In some respects, Czechs are perhaps more polite than they are always are given credit for. Here is the low down on some of the basic local manners.
The family that eats together
Marrying a Czech has meant negotiating certain cultural differences. Christmas and Easter are minor ones, at least in our household. The one that has caused the most contention is the sanctity of meal times. At home, my parents were quite lax about this, and I don´t think, apart form the odd meal out, we sat down and had a family meal regularly. Now, meal breaking is deal breaking. I´m expected to sit down, without work, a book or any other distractions and have a family meal, dinner during the week, lunch on weekends. Over time, I´ve grown to enjoy it.
Something else I was castigated for, apart from my early attempts to sneak reading material to the table, was smacking my lips as a sign of satisfaction or hunger. This is not isolated to my house. Other Czech people I´ve quizzed on bad habits have placed this toward the top.
Not all the assimilation has been prohibitive. When my sister came to visit me after I´d been here a year pointed out that I´d changed the way I held my cutlery. Without realizing it I had adopted the Czech fashion. I hadn´t noticed until she told me.
You´re Number One
When you´re in a Czech bar for the first time, you may notice people giving the waiters a thumbs-up. This is not in praise of the service. Czechs count from one to five starting with the thumb. On no account does the middle finger refer to number one, despite what former Prime Minister Topolanek said.
You Say Goodbye and I Say Hello
Living in a fairly small town gives me the impression the Czechs are a pretty courteous bunch. I usually greet and am greeted by, my neighbors, whomever I share a lift with, and the waiter at my local, even if I´m not having a drink. The list for my wife is even longer. Most often I have to ask her, “How do you know them?” Regardless, the order of greeting is usually youngest to oldest. Plus the simple salutation is enough and everyone else goes on about their business.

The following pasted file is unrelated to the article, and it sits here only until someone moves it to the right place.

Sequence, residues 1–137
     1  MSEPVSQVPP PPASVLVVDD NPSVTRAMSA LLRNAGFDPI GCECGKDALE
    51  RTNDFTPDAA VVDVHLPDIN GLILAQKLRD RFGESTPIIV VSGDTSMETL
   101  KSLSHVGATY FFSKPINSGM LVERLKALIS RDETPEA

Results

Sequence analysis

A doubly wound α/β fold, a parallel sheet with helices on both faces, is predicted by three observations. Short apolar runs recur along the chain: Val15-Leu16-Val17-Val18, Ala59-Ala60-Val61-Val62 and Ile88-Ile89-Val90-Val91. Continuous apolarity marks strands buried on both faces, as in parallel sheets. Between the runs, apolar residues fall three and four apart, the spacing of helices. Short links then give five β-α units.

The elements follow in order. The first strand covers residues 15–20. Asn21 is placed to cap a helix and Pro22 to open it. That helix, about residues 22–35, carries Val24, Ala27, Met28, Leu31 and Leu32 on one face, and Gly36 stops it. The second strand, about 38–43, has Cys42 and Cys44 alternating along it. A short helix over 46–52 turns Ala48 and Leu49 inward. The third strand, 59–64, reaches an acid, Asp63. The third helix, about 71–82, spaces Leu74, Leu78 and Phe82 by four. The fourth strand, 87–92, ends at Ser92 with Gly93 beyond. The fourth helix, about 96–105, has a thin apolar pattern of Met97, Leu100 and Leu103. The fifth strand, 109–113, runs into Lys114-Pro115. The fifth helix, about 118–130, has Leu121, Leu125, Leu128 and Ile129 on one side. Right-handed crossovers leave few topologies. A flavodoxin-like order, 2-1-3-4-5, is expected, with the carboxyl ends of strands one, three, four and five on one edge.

Friends and acquaintances will often ask you say hello to the person’s partners and immediate family (pozdravovat). Equally, people are pleased if you tell them the same or pass on a greeting.
In public places, it´s polite to say hello, ie. “Dobrý den” in these circumstances:
· To the people in the train compartment or immediately opposite you on the train
· Entering the waiting room of a doctor´s surgery
· A small shop
· The cashier at a supermarket
It is also polite to say good-bye (na shledanou) when leaving. Naschle is considered informal, but you will hear it.
Minding Your Queues and Queues
Even if there´s no line, there´s a line. It is common practice such as a doctor´s surgery to ask who was the last person, so you know to go after them. Some people will feign ignorance and try to push in, but stand your ground. No one will defend your place in line if you don´t. Even if there is the means to form multiple queues, such as in a post office, the tendency is still to form one single one.
These are some of the basics. We hope this will smooth your transition into Czech life. If there´s anymore to add, please feel free to tell us.